Here, is the internal force exerted on the th element by the th element, and the external force acting on the th element. The internal forces represent the stresses that develop within the body in order to ensure that its various elements maintain a fixed spatial relationship with respect to one another. Of course, , by Newton's third law. The external forces represent forces that originate outside the body.

Repeating the analysis of Section 2.6, we can sum Equation (8.1) over all mass elements to obtain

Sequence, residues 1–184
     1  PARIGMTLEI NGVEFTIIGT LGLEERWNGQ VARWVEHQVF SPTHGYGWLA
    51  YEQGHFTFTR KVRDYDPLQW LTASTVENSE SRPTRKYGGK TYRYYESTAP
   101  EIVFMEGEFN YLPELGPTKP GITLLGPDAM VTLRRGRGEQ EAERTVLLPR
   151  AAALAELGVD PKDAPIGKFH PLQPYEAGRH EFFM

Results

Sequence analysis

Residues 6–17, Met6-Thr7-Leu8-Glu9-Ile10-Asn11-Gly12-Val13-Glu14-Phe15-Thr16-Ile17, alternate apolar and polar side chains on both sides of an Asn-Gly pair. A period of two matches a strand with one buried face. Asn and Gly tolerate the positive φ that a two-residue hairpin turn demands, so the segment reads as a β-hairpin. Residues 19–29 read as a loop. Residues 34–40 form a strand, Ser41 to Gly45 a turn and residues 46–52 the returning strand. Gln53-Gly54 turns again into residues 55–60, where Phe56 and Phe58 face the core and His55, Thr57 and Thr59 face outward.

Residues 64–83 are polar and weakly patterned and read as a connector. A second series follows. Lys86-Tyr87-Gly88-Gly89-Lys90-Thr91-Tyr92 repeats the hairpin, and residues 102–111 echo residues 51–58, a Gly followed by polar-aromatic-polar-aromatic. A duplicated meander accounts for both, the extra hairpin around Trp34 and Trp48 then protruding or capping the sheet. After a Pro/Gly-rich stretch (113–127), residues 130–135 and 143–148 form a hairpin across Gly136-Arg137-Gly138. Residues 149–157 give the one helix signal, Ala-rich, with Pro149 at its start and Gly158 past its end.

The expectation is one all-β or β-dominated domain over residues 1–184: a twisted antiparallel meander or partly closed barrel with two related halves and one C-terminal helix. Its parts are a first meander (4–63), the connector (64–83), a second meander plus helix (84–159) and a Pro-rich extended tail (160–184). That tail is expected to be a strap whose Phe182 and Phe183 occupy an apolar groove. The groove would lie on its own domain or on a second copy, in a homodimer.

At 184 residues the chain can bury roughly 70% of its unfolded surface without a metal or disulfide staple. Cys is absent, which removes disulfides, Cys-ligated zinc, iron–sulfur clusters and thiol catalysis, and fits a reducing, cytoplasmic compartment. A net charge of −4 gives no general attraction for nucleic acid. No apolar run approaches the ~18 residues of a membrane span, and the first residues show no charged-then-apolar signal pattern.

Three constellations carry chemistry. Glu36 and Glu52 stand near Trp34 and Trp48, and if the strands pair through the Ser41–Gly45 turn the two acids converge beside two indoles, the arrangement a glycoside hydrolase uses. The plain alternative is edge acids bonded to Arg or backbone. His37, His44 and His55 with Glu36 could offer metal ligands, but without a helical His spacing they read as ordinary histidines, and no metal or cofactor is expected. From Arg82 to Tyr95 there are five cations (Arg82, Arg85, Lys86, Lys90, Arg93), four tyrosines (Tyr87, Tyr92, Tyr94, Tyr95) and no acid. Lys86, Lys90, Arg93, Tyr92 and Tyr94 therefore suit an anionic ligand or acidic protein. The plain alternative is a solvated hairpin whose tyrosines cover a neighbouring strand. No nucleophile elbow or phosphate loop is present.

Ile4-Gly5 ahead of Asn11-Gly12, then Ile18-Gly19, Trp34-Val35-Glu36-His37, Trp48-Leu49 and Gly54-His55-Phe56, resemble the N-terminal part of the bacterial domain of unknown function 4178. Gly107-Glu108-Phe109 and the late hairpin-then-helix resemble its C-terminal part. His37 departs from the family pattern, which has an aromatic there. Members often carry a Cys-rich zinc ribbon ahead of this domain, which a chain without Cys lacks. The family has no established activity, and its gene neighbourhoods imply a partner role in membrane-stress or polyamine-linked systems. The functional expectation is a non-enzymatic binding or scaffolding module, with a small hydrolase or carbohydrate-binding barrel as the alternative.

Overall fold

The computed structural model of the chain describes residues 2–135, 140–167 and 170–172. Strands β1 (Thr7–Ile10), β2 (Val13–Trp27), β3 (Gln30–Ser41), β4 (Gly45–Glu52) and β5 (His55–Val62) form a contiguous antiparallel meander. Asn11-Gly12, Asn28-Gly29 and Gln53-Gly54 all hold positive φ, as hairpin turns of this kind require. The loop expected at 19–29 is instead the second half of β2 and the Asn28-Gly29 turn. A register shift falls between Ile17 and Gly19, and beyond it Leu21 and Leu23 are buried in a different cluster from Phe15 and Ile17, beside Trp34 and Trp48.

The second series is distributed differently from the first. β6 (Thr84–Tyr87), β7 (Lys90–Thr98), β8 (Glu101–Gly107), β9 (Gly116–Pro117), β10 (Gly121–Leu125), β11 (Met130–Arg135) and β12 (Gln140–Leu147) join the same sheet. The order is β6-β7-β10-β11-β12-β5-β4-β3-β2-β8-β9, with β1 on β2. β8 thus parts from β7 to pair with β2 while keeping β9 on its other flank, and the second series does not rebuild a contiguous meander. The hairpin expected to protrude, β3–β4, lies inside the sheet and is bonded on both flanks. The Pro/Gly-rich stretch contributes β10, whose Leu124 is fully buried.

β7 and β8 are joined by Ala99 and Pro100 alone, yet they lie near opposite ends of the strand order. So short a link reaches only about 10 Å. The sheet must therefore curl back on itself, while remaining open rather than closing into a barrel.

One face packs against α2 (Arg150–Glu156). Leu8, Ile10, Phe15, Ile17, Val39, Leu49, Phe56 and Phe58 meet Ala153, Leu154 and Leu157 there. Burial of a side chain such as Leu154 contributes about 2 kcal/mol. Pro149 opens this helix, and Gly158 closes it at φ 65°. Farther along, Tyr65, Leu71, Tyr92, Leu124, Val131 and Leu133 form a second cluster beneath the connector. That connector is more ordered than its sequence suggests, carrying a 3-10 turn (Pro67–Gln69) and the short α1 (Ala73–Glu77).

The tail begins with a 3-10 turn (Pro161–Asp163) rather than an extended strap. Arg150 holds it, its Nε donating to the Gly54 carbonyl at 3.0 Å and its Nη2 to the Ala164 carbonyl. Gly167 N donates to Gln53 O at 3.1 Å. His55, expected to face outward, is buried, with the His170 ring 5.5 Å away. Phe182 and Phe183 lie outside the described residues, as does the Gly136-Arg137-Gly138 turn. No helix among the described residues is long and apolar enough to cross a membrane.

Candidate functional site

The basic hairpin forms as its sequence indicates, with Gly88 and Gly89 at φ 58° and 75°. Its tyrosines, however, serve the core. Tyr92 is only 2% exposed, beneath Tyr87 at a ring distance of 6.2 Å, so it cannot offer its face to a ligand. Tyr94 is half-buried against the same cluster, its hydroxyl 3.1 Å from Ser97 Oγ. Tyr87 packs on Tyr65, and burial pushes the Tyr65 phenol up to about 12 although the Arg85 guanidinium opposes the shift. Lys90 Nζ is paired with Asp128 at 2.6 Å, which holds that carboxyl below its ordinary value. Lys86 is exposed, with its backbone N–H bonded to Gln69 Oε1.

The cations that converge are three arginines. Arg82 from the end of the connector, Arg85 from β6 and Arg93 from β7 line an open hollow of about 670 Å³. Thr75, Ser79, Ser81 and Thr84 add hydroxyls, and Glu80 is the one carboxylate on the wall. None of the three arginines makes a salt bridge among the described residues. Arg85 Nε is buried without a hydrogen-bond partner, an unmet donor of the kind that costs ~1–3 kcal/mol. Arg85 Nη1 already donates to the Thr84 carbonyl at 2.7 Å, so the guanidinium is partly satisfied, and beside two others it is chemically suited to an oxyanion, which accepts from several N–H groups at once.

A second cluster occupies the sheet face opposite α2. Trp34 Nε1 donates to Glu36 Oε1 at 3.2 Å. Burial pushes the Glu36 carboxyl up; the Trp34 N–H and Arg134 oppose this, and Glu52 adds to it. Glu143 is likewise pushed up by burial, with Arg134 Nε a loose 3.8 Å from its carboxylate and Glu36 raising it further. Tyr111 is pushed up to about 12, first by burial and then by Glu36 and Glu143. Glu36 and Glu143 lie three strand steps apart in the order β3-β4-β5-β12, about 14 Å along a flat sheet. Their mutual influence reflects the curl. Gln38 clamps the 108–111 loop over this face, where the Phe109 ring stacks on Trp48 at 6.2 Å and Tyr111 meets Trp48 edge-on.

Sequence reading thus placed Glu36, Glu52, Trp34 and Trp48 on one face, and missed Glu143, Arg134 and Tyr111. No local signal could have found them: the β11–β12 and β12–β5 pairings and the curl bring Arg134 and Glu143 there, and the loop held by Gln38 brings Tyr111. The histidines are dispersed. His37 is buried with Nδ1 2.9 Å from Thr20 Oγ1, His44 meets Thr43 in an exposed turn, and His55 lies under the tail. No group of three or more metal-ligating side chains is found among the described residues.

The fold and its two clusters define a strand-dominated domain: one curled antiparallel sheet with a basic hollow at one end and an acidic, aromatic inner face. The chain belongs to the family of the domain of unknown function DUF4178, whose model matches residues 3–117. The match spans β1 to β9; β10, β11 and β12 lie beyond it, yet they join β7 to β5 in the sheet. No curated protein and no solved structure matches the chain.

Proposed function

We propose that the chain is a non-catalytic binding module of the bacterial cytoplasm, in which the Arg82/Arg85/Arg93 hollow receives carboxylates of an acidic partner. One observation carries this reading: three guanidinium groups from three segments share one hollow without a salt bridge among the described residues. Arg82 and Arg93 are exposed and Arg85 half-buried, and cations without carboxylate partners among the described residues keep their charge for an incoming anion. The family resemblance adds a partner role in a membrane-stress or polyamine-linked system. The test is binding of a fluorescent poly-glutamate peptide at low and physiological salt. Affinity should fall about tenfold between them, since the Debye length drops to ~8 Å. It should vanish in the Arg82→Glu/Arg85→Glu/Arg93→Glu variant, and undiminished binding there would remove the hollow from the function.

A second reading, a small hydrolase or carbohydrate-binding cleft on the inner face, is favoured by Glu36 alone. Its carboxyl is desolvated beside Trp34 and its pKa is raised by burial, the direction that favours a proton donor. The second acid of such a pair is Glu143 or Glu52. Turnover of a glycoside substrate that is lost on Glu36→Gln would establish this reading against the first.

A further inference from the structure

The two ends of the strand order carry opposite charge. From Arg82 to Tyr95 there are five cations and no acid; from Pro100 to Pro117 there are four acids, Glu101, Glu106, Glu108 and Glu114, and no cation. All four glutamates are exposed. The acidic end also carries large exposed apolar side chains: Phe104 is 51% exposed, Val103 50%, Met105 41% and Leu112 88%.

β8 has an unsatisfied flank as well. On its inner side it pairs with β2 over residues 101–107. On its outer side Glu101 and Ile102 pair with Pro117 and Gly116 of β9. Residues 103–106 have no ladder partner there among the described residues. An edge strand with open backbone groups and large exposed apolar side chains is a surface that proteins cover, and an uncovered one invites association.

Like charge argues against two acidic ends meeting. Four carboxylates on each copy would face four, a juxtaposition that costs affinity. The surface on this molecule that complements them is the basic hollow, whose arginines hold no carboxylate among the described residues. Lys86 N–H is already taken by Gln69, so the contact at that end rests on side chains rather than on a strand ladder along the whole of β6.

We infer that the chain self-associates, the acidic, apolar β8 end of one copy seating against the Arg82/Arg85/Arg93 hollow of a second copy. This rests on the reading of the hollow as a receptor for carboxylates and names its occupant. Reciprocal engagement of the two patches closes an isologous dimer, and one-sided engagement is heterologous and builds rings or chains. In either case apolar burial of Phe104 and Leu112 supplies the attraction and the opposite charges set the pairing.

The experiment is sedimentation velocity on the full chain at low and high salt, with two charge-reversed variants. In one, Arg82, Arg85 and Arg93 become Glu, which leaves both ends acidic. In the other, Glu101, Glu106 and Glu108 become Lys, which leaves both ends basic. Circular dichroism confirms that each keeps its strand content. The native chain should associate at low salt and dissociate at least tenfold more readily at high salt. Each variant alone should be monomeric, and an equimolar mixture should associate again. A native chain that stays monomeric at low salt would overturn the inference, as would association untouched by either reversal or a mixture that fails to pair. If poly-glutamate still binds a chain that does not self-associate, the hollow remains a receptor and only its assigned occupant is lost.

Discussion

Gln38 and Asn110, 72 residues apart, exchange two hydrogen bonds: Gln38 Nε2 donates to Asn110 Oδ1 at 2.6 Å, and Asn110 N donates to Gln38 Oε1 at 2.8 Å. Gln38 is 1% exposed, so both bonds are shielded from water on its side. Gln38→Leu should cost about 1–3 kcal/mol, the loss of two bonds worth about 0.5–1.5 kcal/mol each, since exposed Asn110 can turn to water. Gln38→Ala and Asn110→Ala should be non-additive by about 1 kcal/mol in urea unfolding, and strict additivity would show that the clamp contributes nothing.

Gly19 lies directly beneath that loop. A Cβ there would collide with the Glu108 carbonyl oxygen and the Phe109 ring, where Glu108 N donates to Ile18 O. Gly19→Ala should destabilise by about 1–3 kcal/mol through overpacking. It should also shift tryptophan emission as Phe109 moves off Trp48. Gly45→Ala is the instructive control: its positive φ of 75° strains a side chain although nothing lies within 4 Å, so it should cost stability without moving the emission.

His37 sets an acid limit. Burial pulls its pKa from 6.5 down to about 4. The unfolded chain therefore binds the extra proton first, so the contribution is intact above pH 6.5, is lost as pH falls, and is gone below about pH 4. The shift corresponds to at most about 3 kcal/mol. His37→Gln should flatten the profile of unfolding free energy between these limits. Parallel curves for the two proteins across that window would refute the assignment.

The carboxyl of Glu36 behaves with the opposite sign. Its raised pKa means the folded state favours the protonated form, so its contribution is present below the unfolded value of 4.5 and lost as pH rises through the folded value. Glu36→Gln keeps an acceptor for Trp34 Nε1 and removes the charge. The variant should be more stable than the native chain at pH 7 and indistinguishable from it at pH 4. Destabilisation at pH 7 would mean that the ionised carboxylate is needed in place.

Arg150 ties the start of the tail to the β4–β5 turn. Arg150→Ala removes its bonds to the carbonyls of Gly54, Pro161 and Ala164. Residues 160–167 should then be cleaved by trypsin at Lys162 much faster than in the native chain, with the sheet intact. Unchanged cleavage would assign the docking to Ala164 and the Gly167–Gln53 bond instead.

Here, is the total mass, the position vector of the center of mass [see Equation (2.27)], and the total external force. It can be seen that the center of mass of a rigid body moves under the action of the external forces like a point particle whose mass is identical with that of the body.

Again repeating the analysis of Section 2.6, we can sum Equation (8.1) over all mass elements to obtain

Here, is the total angular momentum of the body (about the origin), and

In the following, we shall only consider the rotational motion of rigid bodies, because their translational motion is similar to that of point particles [see Equation (8.2)] and, therefore, is fairly straightforward in nature.